WASHINGTON

Shooters in police uniforms kill American in Afghanistan

In the latest likely case of an insider attack, an American service member was killed and several others injured Monday when individuals dressed in Afghan police uniforms turned their guns on them in southern Afghanistan, U.S. officials said.

Jamie Graybeal, a spokesman for the International Security Assistance Force in Afghanistan, confirmed the death and said that the three Afghan shooters fled and are being sought. Although they were wearing police uniforms, it was not yet certain if they were actually Afghan police or were just wearing the clothing.

Other U.S. officials said that nine U.S. troops were injured in the shooting, mostly with fairly minor wounds. The officials spoke on condition of anonymity to discuss an investigation.

ANCHORAGE, Alaska

Militia leader, one member convicted in murder plot

A jury Monday convicted the leader of an Alaska militia group of nine of the 11 counts against him in a federal conspiracy case, including the most serious charge of plotting to kill government employees.

Jurors deliberated for more than two full days before returning a verdict against 28-year-old Schaeffer Cox, head of the Fairbanks-based Alaska Peacemakers Militia.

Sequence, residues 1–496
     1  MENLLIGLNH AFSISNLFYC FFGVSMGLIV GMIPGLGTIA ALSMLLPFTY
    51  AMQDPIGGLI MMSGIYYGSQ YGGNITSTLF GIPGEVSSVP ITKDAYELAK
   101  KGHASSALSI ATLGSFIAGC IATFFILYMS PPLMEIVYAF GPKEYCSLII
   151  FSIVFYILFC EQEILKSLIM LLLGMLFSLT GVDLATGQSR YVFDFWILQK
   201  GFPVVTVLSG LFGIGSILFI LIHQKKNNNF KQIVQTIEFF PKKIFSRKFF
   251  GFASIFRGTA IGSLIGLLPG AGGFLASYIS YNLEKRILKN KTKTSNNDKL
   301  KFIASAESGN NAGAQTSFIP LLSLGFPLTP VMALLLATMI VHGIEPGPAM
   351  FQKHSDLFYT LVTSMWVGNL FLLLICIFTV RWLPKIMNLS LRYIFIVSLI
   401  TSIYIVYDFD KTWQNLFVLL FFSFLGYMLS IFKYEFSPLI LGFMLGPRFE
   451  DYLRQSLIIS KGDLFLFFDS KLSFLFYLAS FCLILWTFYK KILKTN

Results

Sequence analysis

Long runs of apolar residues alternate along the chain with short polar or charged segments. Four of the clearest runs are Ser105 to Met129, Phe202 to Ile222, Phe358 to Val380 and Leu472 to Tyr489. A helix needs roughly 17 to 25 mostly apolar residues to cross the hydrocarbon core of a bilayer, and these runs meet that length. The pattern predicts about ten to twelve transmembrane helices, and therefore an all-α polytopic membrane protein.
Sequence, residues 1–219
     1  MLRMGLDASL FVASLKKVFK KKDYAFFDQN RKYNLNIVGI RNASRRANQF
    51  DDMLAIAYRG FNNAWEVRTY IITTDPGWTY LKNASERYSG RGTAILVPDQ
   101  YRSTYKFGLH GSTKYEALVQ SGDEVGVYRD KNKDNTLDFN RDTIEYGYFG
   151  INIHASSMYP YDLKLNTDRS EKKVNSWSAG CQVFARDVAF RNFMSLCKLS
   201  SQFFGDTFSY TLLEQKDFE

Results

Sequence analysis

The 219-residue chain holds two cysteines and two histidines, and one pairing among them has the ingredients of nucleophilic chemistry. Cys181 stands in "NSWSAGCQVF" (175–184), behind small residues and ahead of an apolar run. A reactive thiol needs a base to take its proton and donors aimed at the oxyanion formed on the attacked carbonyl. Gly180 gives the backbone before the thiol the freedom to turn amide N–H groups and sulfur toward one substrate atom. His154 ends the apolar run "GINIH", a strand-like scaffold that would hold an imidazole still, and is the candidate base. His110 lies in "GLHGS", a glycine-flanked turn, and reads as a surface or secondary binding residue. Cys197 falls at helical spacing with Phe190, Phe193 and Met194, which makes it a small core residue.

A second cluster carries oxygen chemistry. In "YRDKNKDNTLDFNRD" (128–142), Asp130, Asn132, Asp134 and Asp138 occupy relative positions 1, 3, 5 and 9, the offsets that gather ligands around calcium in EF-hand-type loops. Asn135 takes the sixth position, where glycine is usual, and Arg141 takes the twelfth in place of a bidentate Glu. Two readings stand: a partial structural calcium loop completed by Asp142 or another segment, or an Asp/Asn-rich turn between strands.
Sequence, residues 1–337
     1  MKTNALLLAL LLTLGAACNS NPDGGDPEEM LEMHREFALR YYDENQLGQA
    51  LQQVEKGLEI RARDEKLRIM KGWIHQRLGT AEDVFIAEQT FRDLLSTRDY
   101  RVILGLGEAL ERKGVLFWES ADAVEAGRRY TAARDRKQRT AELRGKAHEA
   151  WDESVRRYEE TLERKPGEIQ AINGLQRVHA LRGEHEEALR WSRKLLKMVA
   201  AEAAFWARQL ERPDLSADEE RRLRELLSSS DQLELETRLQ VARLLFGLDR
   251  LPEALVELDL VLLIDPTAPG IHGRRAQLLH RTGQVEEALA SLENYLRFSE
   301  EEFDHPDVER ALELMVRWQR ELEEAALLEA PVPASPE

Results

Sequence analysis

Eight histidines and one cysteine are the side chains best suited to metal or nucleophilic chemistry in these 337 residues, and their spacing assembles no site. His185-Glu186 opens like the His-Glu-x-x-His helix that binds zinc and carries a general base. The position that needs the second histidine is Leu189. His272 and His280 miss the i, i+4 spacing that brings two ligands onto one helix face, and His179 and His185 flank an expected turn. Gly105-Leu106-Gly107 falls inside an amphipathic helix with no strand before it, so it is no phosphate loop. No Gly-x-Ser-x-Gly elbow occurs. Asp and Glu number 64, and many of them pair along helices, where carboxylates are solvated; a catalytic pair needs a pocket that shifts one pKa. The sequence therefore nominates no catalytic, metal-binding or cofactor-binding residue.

They also convicted militia member Lonnie Vernon, 56, of conspiracy to murder but deadlocked on the same charge against a third member, Coleman Barney, 37.

Prosecutors had argued that Cox, Vernon and Barney had intended to kill federal officials as they armed themselves for an FBI hit squad they thought might attack Cox at public appearances he made.

Defense attorneys say allegations of a murder plan were created by the government to silence Cox, who made speeches they acknowledged were offensive but protected by free speech language in the U.S. Constitution.

Sentencing is set for Sept. 14.

BEIJING

Man under arrest for fraud claimed he bought U.S. bank

In a China awash with fake iPhones, pirated DVDs and knockoff Louis Vuitton bags, rice trader Lin Chunping took fakery to a whole new level: He invented a U.S. bank and claimed he bought it.

The little-known businessman shot to fame in January when state media reported that he had taken over Delaware-based Atlantic Bank. State media called his business experience “legendary.”

The only thing that may have been legendary is Lin’s audacity. Not only did he not buy Atlantic Bank in Delaware for $60 million as he claimed, but there is no Atlantic Bank in that state.

Lin, 41, is under arrest in connect an unrelated fraud and has been forced to give up his municipal-level appointment to the Chinese People’s Political Consultative Conference, the government’s top advisory body.